To Stretch or Not to Stretch?
There is a clear distinction between a tight and a loose sensation felt when performing a stretch. But what if you felt worse after stretching a “tight muscle”? Do you really need to stretch then?
This week we delve more into the anatomy and physiology of stretching to answer the question: “To Stretch or Not To Stretch?”
What are we really stretching?
- Muscle: a soft tissue structure that helps contract to move joints (i.e. the biceps muscle on your arm helps you flex your arm)
- Ligaments: bands of tough elastic tissue around your joints (i.e. the shoulder capsule is part of the reason why you have Frozen Shoulder)
- Tendon: a fibrous connective tissue between muscle and bone (i.e. most commonly mentioned; the Achilles tendon of the ankle, connecting the calf muscle to the heel bone)
- Nerves: nervous tissue that transmits signals from soft tissues in your body to the spinal cord (i.e. sciatic nerve irritation can cause Sciatica)
Stretching made me worse! Why?
Stretching can potentially be a problem for a person who has hypermobility(too flexible) or any musculoskeletal injuries. This is because the nervous system is designed to respond to any threat to the body. When you stretch, you may be pulling on any of the above mentioned structures (muscle, ligaments, tendons, nerves).
When an area is injured, there is a heightened response from the nervous system to protect the area. Therefore stretching should be only done to a comfortable level, respecting pain. In the case of a hypermobile individual, the bodily muscles may be working hard to “stabilize” the joints, and therefore tighten up. When stretched out, these muscles and it’s connections may not be able to keep the body balanced and supported, therefore resulting in a pain response in reaction to the instability that is created.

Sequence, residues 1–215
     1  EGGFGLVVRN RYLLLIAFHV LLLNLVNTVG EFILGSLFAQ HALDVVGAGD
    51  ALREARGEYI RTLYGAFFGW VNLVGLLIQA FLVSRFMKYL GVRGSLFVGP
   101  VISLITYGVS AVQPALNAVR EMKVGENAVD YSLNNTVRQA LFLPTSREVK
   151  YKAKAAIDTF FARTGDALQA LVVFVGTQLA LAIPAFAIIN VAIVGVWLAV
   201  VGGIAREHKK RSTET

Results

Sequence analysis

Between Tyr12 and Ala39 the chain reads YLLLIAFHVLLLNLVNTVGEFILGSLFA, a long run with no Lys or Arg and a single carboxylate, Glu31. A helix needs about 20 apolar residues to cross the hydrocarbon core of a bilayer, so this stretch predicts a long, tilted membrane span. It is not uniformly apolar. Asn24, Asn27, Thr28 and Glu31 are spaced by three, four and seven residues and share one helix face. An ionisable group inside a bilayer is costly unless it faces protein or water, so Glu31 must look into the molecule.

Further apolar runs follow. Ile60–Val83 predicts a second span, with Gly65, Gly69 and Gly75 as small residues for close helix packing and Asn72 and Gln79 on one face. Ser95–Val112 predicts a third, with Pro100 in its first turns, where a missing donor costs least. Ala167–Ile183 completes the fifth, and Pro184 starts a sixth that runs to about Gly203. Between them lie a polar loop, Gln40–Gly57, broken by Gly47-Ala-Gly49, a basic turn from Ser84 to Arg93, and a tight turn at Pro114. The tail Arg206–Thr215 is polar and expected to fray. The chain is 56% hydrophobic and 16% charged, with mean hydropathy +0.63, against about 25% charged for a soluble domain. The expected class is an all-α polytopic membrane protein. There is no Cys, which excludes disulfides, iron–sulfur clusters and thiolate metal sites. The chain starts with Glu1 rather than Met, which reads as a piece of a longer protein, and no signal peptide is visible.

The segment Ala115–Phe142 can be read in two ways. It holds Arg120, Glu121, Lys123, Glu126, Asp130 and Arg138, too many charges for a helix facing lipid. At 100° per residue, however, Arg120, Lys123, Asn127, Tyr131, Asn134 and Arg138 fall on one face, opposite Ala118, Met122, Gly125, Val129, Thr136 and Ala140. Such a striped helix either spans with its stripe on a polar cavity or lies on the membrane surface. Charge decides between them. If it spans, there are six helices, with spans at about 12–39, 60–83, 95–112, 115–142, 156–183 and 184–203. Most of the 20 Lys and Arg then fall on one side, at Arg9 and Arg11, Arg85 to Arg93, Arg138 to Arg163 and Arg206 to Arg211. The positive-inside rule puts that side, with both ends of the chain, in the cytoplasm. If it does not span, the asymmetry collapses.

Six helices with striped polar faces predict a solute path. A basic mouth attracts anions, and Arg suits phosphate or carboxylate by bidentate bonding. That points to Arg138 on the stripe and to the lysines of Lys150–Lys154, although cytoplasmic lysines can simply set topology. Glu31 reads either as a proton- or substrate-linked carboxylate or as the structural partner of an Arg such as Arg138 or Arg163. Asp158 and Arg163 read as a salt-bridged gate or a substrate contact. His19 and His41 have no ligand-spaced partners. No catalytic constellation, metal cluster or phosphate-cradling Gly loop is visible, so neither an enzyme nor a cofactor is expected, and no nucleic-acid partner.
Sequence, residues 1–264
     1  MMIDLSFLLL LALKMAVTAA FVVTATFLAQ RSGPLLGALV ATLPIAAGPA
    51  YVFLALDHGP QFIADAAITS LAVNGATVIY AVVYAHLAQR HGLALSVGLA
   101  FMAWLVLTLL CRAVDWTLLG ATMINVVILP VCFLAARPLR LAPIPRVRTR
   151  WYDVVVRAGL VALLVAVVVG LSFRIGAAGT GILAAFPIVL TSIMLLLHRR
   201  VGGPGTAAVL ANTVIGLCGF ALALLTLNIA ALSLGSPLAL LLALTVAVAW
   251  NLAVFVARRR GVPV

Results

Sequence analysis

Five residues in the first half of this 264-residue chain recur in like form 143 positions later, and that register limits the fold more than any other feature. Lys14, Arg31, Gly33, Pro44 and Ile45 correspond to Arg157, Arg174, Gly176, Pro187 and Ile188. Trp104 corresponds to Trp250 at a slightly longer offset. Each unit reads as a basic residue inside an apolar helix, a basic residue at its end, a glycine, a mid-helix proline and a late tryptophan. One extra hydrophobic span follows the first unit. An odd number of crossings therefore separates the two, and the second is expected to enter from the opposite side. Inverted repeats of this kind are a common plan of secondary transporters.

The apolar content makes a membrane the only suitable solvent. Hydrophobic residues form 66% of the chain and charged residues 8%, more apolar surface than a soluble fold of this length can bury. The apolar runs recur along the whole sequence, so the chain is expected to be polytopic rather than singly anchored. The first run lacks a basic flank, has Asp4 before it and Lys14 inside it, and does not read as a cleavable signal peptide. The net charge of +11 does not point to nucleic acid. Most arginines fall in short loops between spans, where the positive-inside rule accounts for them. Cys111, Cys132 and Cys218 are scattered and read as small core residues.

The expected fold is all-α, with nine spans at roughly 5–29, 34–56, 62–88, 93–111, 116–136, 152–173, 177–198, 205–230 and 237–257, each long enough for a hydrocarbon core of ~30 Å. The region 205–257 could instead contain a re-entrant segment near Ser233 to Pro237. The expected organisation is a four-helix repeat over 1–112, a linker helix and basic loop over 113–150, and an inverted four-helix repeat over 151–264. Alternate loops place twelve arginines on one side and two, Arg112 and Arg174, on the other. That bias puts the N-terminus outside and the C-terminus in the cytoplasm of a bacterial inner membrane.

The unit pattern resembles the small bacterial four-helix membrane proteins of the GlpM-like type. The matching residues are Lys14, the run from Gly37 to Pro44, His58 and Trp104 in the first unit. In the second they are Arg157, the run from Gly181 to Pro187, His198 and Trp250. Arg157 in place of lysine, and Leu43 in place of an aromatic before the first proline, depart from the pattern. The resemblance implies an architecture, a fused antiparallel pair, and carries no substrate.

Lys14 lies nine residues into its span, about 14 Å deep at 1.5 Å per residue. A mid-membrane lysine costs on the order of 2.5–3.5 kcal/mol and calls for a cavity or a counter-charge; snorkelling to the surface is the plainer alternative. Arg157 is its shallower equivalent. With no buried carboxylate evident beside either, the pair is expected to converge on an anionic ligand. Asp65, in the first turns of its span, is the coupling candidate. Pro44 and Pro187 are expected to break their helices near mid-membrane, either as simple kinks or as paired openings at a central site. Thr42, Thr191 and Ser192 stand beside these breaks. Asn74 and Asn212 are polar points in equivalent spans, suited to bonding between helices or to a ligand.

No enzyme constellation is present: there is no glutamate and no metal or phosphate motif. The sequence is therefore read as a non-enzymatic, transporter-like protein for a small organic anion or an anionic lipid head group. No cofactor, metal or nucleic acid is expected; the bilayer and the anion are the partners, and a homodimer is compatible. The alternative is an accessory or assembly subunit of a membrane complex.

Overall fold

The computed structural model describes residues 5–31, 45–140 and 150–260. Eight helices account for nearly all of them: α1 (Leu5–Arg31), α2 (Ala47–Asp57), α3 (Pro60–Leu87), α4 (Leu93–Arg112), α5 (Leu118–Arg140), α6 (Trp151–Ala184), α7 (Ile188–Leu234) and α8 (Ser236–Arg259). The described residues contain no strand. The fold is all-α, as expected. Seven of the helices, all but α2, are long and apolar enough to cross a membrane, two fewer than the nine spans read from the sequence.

To stretch or not to stretch?
There has been multiple theories put forth on the “increase in extensibility” of muscles, including viscoelastic deformation (improve elasticity of the muscle), neuromuscular relaxation (stimulation of neuromuscular reflexes induces relaxation of muscles), sensory theory (perception of the stretch sensation occurs later after stretching). The truth is, we do not know exactly whether the muscles actually lengthens. But if that were to occur, you should feel comfortable.
Generally, to keep the muscles and tendons mobile, stretching is recommended by the American College of Sports Medicine, for each muscle group holding for 60 seconds in bouts of 10-30 seconds. A sensation of mild discomfort is acceptable but you should not have any sharp or intense pain.
If you do however feel worse after stretching, do seek help as soon as you can to prevent your condition from worsening. We would be able to advise, after a thorough objective musculoskeletal assessment (including your range of movement, muscle length, muscle strength), on a suitable program to improve your flexibility or reduce your pain associated with stretching.
Speak to our Physiotherapists today to understand more about stretching, the implications and whether it may be beneficial for you to stretch. You can reach us through our website www.rapidphysiocare.com or call +65 6904 4900.
https://www.acsm.org/docs/default-source/files-for-resource-library/a-road-map-to-effective-muscle-recovery.pdf?sfvrsn=a4f24f46_2Tags : Physiotherapy